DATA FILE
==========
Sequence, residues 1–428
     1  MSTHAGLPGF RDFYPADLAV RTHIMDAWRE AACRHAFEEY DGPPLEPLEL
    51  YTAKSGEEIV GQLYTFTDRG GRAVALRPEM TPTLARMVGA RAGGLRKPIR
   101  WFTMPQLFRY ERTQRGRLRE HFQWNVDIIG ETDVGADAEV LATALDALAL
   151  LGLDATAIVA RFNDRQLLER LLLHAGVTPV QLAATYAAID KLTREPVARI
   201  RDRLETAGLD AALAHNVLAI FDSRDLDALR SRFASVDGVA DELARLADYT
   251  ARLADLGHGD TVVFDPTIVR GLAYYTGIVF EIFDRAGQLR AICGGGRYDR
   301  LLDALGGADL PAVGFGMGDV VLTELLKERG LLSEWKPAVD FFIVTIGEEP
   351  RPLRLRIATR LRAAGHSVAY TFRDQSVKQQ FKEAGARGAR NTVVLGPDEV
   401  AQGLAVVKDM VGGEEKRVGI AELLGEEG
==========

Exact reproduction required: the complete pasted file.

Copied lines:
Sequence, residues 1–428
     1  MSTHAGLPGF RDFYPADLAV RTHIMDAWRE AACRHAFEEY DGPPLEPLEL
    51  YTAKSGEEIV GQLYTFTDRG GRAVALRPEM TPTLARMVGA RAGGLRKPIR
   101  WFTMPQLFRY ERTQRGRLRE HFQWNVDIIG ETDVGADAEV LATALDALAL
   151  LGLDATAIVA RFNDRQLLER LLLHAGVTPV QLAATYAAID KLTREPVARI
   201  RDRLETAGLD AALAHNVLAI FDSRDLDALR SRFASVDGVA DELARLADYT
   251  ARLADLGHGD TVVFDPTIVR GLAYYTGIVF EIFDRAGQLR AICGGGRYDR
   301  LLDALGGADL PAVGFGMGDV VLTELLKERG LLSEWKPAVD FFIVTIGEEP
   351  RPLRLRIATR LRAAGHSVAY TFRDQSVKQQ FKEAGARGAR NTVVLGPDEV
   401  AQGLAVVKDM VGGEEKRVGI AELLGEEG